The Irish Times view on a second Brexit referendum: When the facts change
Brexiteers prevailed in 2016 by peddling illusion the UK could leave EU and keep all its benefits. Now they face reality
The apparent failure to find a breakthrough in Brexit talks between the EU and the UK today imperils plans for a special EU summit this month. A deal could conceivably be signed off on at a scheduled summit in mid-December, but that would leave very little time for British parliament to ratify an agreement. The upshot is that, with the UK due to leave the EU at 11pm on March 29th and another important milestone set to be missed, the chances of a chaotic no-deal departure are dangerously high.
If a solution hinged solely on agreement between London and Brussels, there would be more grounds for optimism. Far more fraught, however, are the parallel talks within the British government itself. Thirty months on from the Brexit referendum, Theresa May’s cabinet is still hopelessly divided, paralysed by the knowledge that to accept what has always been inevitable – an outcome that is worse for Britain than the status quo – could cause the administration to implode.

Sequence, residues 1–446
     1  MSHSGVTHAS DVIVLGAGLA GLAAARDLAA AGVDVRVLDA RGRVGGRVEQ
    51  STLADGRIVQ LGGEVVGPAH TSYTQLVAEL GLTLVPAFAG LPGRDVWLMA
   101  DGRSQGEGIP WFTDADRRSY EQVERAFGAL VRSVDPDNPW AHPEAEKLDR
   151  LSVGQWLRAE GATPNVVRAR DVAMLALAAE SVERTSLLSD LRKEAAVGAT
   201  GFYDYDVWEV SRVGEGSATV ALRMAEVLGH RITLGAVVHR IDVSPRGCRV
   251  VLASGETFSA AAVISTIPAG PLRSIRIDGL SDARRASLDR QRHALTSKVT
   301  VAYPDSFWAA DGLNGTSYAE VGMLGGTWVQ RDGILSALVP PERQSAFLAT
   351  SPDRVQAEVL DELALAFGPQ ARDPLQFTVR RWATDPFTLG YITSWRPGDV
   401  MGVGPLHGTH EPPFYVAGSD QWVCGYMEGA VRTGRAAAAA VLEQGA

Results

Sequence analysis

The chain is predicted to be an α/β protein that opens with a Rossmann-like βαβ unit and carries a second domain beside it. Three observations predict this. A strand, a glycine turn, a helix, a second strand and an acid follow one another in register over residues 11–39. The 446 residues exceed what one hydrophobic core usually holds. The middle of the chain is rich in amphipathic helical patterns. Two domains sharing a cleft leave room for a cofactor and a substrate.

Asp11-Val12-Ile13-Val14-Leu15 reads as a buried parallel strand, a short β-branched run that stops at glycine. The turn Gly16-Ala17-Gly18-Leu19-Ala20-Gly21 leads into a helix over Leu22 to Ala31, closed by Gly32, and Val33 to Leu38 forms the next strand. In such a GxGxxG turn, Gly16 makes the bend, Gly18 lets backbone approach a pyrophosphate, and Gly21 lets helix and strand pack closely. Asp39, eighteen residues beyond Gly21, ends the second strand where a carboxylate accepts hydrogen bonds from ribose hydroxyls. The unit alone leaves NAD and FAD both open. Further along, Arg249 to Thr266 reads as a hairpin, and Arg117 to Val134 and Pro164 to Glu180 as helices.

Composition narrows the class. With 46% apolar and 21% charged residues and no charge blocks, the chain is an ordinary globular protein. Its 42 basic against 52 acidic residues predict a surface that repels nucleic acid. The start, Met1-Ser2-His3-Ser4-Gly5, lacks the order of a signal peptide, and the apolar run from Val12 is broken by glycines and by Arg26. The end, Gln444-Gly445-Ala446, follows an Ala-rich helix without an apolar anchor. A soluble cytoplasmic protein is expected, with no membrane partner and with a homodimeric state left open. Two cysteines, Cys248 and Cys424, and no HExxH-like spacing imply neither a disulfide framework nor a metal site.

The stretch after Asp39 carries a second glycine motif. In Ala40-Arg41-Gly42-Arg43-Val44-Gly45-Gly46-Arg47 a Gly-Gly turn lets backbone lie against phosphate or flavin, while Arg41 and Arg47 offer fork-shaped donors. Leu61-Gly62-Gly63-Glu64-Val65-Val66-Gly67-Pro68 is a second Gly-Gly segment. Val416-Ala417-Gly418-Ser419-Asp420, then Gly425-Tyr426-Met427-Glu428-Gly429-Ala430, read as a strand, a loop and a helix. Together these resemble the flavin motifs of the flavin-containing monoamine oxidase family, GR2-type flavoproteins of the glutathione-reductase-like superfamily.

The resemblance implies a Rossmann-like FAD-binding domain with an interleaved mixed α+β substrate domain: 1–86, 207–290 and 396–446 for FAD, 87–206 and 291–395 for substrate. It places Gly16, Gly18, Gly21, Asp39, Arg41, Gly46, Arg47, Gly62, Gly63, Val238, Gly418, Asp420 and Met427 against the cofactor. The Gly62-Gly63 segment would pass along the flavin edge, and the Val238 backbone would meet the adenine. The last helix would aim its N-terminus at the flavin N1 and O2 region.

For ardent Remainers, the resignation of transport minister Jo Johnson last week was an important fillip. May has lost influential Leavers from her cabinet, but Johnson’s departure, accompanied by a call for a second plebiscite, was the first defection by a pro-European in the ranks. That augurs badly for May’s chances of winning a parliamentary vote on a deal, given that the support of the DUP and hardline Brexiteers is already shaky. The political crisis caused by a parliamentary rejection would raise the likelihood of another referendum, Remainers believe, especially given that Labour and an increasing number of Conservative MPs baulk at a no-deal scenario.
In a properly-functioning parliament, the Opposition would use its leverage to act in the public interest on Brexit. That would be served by putting May under real pressure to secure the softest possible exit while holding out the possibility of going back to the people.
Tragically, however, Labour leader Jeremy Corbyn appears to have almost no interest in the defining issue of his time. Whatever pressure May is coming under originates in her own party, not the opposition benches. When Corbyn does intervene, he only adds to the confusion. At the weekend, the Labour leader responded to a question about a second referendum by saying that Brexit could not be stopped – prompting a number of his front benchers to contradict him by recalling the party’s position of keeping open the option of a “people’s vote”.
The Brexiteers prevailed in 2016 by peddling the illusion that the UK could leave the EU while continuing to enjoy all its benefits. Now they face the reality: a deal that will satisfy nobody and leave everybody worse off. “When the facts change, I change my mind,” said Keynes. In this case, the “facts” never were facts at all. A second referendum would not affront democracy; it would shore it up.